OSHA Form 300a Posting and OSHA 300 Records

The Occupational Health and Safety Administration has been one of the beneficiaries of the federal government’s increased budget. As such, they have added additional personnel to conduct investigations. If an inspector visits you, one of the first areas they look at is your safety and health records. Failing to record, or improperly recording work-related injuries and illnesses can result in significant fines.

Under OSHA’s recordkeeping rule, employers are required to record injuries and illnesses that result in death, days away from work, restricted work or transfer to another job, medical treatment beyond first aid, or loss of consciousness, or if they involve a significant injury or illness diagnosed by a physician or other licensed health care professional.

Employers who have fewer than 10 employees and employers in certain retail, service, finance, real estate, or insurance industries are not required to keep these records. However, they must report any occupational fatalities or catastrophes that occur in their establishments and participate in government surveys when asked to do so.

What forms are we talking about? Each recordable injury and illness must be reported on OSHA Form 300, Log of Work-Related Injuries and Illnesses. OSHA Form 301, Injury and Illness Incident Report (or suitable Workers’ Compensation form) must be completed for each recordable injury or illness entered on the OSHA 300 Log. These two forms must be completed within 7 days of receiving information that a recordable injury or illness has occurred.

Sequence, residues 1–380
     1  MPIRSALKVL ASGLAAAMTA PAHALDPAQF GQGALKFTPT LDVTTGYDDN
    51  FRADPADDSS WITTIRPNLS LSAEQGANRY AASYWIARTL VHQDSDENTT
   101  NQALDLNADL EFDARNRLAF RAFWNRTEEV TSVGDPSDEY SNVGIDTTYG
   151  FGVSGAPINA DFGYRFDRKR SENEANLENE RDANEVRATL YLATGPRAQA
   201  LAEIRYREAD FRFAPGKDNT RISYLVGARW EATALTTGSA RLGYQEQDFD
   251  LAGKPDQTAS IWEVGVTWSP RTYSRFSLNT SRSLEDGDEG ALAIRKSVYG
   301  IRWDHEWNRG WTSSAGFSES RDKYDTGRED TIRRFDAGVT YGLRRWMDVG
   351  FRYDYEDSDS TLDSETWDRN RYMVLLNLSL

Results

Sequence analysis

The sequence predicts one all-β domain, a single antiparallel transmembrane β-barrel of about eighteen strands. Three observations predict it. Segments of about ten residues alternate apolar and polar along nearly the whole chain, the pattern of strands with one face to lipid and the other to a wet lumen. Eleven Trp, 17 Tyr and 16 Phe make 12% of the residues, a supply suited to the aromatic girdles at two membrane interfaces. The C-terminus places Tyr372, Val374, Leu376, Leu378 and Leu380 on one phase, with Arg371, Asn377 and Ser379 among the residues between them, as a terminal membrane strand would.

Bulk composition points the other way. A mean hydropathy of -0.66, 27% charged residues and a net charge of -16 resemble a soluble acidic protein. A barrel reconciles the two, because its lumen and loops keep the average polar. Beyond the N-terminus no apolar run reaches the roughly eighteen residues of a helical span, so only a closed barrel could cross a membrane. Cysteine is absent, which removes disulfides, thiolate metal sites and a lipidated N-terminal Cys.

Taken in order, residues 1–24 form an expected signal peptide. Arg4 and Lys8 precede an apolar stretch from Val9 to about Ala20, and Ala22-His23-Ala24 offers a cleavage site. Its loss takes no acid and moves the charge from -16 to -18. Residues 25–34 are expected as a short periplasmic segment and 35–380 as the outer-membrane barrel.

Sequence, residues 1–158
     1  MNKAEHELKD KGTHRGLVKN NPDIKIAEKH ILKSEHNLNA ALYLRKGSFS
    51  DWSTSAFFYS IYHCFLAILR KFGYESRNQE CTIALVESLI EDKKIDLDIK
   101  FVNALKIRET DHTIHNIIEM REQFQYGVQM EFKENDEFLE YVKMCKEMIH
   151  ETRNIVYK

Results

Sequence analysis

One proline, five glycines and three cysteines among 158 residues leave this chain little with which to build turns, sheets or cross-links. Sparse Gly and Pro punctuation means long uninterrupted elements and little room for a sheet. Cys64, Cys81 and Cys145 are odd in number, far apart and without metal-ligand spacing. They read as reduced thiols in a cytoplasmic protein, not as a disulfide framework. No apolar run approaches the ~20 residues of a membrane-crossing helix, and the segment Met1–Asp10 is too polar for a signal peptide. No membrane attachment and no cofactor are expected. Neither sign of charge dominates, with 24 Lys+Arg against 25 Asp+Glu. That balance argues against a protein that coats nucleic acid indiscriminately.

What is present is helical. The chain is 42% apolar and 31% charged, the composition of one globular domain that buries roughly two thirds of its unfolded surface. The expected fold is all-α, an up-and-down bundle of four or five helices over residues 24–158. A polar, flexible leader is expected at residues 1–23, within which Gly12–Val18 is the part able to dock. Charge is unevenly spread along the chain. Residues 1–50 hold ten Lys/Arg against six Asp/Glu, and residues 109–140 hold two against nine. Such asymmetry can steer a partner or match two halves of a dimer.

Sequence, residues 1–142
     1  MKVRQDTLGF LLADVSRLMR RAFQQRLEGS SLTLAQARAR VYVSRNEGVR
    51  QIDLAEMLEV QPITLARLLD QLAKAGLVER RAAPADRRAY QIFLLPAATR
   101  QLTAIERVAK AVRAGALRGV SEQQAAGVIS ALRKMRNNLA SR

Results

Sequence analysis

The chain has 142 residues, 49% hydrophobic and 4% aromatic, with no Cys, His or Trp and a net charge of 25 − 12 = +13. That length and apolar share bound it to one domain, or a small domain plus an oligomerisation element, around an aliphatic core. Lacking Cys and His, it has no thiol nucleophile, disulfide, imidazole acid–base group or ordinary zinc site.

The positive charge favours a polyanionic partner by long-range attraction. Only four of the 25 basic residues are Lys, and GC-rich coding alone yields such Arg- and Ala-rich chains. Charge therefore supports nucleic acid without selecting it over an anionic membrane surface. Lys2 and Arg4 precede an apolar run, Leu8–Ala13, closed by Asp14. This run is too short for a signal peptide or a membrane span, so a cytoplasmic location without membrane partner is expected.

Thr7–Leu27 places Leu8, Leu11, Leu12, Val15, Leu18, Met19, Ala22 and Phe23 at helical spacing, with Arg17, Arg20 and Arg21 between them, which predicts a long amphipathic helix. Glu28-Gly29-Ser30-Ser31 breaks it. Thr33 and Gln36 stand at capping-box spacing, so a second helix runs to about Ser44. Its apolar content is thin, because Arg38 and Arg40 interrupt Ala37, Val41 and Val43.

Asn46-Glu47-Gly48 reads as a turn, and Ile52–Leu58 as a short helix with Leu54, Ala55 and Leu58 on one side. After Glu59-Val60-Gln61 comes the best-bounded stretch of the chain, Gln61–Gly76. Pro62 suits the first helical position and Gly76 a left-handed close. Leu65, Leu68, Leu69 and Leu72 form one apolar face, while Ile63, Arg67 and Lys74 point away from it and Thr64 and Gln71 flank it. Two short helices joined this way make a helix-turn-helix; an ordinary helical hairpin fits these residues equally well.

OSHA Form 300A, Summary of Work-Related Injuries and Illnesses, must be completed at the end of each calendar year. The OSHA Log, Form 300, is used to count entries for each category. Be sure to write “0” if you had no cases in any category. A company executive must certify that he/she has examined the 300A and reasonably believes, based on his/her knowledge, that the Summary is correct and complete.

The 300A Summary MUST BE POSTED from February 1 to April 30 in a conspicuous place where notices to employees are usually posted. All OSHA forms must be retained for 5 years following the year to which they pertain.

The above information is provided for informational purposes and is not to be considered legal advice. Questions, call Larry Elinskas at 804-966-8100.